Tonight, anthemic indie-rockers, Band of Horses play Bristol’s O2 Academy with way more aplomb than should ever be allowed for a bunch of honky tonk blokes with that much facial hair, plaid shirts and trucker caps!
The South Carolina 5-piece (via Seattle and back again) trade in melody-fuelled, lovelorn Americana that draws on the soft-rock harmonies of Crosby, Stills, Nash and Young and the Band. When you throw in rousing choruses akin to contemporaries such as Mumford & Sons, you get a very potent recipe that certainly excites a crowd.
Tonight, there is a huge amount of production on display, relenting on the heavily-reverbed guitars only incidentally throughout the set. But when those instances of calm prevail, they are delivered with rugged charm and, indeed, the loudest cheers are saved for the quietest moments. Mid-set, Bridwell delivers a serene acoustic version of “St Augustine” which progresses to a bare-bones duet of “Evening Kitchen” with lead guitarist Tyler Ramsey. The pair then expand to a trio when “Part One” is performed with the addition of multi-instrumentalist Ryan Monroe on mandolin. At all times, they sound as plaintive and sincere as though clutching a book of campfire hymns.
The share of songs is pretty much evenly divided between four fifths of the band’s 5-album back catalogue, including Everything All the Time (2006), Cease to Begin (2007), Infinite Arms (2012) and last year’s Why Are you OK? Their latest offering, produced by Grandaddy’s Jason Lytle is the most outstanding in a long time and the tracks certainly deliver on the capricious, southern bar room noir that has become a touchstone of Band of Horses material. It’s a formula that is, of course, familiar to Lytle. The essential melancholy that showcases a widescreen America, with its log cabins, Great Salt Lakes and starry-eyed rustic scenes are not clichés for the likes of the producer and the front man, but a way of life.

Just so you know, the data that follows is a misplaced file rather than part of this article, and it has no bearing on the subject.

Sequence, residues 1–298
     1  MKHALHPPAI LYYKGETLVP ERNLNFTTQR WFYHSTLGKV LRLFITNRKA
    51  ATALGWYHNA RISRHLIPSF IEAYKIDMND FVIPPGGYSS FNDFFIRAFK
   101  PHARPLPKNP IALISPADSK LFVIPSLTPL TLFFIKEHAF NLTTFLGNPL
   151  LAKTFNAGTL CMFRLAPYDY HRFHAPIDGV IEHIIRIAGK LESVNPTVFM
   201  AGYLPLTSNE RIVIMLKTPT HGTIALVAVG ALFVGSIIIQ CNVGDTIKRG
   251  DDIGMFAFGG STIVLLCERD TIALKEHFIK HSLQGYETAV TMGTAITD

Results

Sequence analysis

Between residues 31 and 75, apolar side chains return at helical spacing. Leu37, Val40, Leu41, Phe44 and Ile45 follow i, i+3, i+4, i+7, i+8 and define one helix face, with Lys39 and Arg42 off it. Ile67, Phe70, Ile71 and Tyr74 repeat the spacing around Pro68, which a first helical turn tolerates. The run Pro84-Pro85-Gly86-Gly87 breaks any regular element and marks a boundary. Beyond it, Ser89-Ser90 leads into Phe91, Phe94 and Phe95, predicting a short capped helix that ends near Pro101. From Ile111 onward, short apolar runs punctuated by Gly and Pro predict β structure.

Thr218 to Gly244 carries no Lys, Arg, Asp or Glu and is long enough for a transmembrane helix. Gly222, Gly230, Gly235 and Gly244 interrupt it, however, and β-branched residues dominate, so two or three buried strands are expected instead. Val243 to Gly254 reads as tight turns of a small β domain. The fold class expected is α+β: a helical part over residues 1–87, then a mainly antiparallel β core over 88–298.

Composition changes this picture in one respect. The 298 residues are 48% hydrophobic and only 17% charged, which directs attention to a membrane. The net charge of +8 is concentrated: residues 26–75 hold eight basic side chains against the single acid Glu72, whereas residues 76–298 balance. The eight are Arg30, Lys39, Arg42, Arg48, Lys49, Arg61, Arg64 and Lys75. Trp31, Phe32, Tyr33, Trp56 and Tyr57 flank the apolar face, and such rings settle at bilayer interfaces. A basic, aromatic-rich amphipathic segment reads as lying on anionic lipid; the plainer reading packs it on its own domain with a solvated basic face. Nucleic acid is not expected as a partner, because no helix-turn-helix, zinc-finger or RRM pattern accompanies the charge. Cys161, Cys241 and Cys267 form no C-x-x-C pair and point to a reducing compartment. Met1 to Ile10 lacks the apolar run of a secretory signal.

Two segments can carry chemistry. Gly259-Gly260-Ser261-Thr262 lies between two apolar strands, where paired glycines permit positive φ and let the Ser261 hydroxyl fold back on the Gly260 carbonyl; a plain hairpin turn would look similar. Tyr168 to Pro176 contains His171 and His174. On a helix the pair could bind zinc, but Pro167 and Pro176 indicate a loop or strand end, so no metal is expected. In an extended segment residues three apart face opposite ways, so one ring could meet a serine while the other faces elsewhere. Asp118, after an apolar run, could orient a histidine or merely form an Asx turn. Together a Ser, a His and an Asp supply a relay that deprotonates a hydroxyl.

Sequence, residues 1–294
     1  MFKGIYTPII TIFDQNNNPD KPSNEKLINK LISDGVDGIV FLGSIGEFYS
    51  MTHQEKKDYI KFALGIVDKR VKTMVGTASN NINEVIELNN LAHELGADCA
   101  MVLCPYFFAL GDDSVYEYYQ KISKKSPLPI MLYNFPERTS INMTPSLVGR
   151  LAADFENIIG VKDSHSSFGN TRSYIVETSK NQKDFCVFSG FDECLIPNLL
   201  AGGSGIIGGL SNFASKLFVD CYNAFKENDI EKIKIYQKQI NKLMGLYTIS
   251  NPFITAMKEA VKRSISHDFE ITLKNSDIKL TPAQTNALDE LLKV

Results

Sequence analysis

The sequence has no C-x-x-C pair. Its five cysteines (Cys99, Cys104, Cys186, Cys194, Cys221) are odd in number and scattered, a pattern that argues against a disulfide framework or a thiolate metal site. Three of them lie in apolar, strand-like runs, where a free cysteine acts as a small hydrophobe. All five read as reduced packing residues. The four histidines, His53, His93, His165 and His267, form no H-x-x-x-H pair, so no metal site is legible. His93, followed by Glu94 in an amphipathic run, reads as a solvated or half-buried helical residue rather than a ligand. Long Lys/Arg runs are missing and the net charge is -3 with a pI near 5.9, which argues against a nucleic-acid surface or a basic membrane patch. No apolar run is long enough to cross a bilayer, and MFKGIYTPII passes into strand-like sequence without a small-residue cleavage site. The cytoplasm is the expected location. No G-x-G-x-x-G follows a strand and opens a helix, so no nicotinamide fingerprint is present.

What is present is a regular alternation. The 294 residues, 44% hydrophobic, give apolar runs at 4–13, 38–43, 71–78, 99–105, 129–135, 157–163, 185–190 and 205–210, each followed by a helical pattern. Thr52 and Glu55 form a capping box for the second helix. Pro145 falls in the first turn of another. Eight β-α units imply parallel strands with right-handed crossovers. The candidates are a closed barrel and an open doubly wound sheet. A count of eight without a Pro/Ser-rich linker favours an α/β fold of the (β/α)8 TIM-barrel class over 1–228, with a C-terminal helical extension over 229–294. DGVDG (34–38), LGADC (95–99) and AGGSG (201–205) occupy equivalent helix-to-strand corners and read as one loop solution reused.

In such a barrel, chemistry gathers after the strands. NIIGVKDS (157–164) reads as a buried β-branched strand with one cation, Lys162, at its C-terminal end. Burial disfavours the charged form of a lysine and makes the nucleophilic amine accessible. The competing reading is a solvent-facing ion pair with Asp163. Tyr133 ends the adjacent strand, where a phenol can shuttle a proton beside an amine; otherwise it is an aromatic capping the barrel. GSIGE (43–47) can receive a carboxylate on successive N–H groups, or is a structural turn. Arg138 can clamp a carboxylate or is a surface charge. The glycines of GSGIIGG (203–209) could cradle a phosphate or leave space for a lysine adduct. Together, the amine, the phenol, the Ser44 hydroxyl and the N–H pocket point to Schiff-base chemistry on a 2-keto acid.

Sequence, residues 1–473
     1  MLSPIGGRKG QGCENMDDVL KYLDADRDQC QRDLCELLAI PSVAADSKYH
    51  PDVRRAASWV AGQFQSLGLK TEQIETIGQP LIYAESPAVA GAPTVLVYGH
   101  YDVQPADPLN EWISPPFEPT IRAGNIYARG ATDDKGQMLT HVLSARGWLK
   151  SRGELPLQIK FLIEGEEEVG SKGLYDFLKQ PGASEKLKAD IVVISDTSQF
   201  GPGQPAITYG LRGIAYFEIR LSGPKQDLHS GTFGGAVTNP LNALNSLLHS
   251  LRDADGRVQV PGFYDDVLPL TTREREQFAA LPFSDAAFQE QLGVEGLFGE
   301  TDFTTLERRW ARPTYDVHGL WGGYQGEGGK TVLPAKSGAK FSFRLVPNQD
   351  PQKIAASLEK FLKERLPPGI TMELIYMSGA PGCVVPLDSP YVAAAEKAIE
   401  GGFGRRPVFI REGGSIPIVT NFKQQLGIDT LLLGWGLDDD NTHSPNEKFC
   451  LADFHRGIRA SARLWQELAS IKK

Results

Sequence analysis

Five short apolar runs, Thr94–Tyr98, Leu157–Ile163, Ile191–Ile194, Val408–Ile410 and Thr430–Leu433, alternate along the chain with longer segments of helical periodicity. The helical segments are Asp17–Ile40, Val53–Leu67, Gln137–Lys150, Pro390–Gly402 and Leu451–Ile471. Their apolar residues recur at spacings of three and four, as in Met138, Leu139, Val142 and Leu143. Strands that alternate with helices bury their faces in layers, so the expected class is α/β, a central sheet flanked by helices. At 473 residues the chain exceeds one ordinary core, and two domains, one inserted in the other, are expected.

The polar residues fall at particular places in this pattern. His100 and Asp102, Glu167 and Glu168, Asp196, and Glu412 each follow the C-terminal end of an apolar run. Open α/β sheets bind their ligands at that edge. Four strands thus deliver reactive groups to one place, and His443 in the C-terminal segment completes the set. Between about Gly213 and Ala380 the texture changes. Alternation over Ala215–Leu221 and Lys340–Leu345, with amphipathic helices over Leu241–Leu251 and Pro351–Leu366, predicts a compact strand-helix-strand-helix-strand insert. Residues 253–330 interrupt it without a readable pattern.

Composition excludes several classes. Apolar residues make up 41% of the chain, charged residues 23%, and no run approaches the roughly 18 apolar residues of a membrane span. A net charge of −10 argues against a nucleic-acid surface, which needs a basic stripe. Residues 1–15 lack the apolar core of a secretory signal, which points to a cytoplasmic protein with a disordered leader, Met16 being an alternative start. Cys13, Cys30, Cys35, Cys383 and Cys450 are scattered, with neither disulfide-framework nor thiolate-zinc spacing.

With a 2-hour set that never once lacks energy or passion, you can tell that Band of Horses simply love to play music. And whereas other superstar southern rockers such as Kings of Leon and Father John Misty have swung completely towards a pop-orientated focus, Band of Horses have remained true to form. An essential point for their loyal, love-struck, bridle-clutching fans.